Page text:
“intensive agriculture”; farming with higher levels of output per unit of agricultural land area. This style of farming has since been linked to river contamination, due to animal faecal matter and commercial fertilisers, and increased greenhouse gas emissions.

Chris, who was “a conventional farmer for many years”, says plant-based food production presents an ideal opportunity for Wairarapa – home to 3 per cent of New Zealand beef cattle, and almost 4 per cent of its dairy herd – to “try something new”.

Planting a foodie future

Chris Lester, farm manager at Cameron Family Farms and colleagues.

“New Zealand cannot keep on intensifying livestock farming at the expense of the environment,” he says.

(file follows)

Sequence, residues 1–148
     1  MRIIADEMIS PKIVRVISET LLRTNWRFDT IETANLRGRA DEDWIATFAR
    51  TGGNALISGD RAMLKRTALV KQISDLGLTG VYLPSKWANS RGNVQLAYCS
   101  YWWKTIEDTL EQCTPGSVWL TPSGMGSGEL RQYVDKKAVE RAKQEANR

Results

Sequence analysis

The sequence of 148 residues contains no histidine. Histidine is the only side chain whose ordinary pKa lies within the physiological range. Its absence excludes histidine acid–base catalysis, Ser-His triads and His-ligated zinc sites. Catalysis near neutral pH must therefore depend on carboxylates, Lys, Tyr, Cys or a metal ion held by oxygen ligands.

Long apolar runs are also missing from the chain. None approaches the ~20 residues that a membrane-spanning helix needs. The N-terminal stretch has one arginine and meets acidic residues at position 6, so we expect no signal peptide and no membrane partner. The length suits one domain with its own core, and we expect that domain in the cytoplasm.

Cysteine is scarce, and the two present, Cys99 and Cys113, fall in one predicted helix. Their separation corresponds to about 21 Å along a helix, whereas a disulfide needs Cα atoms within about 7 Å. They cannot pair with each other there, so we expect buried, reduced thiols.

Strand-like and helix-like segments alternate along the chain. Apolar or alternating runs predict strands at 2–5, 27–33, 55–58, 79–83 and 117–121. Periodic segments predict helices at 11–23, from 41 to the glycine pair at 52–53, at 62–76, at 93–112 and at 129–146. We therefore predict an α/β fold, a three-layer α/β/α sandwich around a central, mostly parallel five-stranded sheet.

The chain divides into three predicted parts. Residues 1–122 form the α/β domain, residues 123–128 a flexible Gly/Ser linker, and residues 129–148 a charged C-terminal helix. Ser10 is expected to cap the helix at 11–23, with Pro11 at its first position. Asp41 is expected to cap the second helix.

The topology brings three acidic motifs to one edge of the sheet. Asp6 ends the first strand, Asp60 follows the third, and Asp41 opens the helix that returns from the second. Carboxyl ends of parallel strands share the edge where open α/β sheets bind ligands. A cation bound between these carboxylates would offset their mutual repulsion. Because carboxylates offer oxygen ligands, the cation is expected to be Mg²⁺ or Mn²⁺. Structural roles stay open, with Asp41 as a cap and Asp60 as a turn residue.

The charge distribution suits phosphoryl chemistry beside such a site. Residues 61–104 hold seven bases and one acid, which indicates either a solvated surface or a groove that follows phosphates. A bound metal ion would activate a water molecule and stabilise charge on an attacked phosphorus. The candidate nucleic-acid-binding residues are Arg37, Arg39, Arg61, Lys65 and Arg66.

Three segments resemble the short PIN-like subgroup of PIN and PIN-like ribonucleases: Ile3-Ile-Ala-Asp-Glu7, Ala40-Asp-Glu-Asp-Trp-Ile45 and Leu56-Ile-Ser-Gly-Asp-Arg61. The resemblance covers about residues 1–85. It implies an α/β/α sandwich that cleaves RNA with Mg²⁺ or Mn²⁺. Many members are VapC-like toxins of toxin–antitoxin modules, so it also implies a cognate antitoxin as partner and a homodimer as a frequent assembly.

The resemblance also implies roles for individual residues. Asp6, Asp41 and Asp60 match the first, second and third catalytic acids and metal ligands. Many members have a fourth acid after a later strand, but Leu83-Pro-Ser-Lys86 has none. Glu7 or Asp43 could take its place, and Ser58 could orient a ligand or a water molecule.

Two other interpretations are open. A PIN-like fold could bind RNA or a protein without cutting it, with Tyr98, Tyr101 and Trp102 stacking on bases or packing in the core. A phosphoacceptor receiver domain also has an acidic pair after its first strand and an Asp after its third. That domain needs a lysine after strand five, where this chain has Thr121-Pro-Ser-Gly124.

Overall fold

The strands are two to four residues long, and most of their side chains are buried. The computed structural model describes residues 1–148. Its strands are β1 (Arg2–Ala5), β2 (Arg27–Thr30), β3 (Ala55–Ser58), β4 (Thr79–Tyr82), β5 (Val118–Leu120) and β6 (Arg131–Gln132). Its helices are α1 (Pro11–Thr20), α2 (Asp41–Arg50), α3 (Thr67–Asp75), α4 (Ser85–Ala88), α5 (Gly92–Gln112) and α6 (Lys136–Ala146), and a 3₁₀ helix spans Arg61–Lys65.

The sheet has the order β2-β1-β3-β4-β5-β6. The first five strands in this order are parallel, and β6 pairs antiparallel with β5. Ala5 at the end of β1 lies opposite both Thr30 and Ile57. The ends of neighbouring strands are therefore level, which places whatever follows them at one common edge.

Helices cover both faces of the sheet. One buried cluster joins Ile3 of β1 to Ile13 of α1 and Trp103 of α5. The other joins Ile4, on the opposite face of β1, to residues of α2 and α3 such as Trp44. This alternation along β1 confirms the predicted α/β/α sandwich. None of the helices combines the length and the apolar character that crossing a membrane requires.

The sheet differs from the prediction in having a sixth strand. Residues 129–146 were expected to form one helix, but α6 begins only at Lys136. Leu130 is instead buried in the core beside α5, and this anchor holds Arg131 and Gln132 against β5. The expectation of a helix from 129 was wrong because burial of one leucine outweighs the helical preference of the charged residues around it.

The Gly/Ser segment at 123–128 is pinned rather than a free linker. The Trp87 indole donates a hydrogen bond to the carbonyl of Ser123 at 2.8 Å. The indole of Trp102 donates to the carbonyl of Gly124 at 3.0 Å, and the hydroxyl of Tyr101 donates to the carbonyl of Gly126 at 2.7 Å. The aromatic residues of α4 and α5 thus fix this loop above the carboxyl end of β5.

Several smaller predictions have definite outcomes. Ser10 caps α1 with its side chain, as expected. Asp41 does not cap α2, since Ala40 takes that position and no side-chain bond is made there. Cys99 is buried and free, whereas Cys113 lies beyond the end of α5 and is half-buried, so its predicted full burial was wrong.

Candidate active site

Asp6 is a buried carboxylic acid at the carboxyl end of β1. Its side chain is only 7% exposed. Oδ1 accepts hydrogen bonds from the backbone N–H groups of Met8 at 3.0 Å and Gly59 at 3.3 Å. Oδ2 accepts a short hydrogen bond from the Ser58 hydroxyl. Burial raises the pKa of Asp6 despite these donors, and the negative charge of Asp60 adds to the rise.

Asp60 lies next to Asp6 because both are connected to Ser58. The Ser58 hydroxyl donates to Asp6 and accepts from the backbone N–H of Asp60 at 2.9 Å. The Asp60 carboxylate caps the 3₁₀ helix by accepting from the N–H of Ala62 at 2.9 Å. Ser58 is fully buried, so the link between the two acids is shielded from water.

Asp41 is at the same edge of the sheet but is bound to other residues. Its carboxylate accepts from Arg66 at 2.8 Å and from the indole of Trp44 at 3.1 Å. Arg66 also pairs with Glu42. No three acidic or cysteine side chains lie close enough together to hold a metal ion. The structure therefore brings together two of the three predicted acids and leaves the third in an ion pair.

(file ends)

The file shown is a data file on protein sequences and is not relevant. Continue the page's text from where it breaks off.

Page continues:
“We need to recognise the impact on our soil health. You’ve got all these heavy animals grazing, all packed together per square metre on a small piece of land, and it degrades the soil.

It’s depleted of its nutrients, and the beneficial organic material.” Such degradation renders land useless for further growth,

and increased fertiliser use. Plus, degraded soil is more prone to flooding, resulting in the distribution of sediments, pesticides and nitrates into waterways via runoff. Which, say scientists, is catastrophic for aquatic life.

“Also, resistance to [pesticides] is well recognised – they’re not working anymore,” Chris adds.

In good news, both farmers and consumers want to be part of the solution. “I mix a lot with farmers – they are aware of the environmental parameters around livestock farming. I think many farmers have been forced into intensification because of economic demand. Right now, they’re looking at remedies, or are considering alternative practices.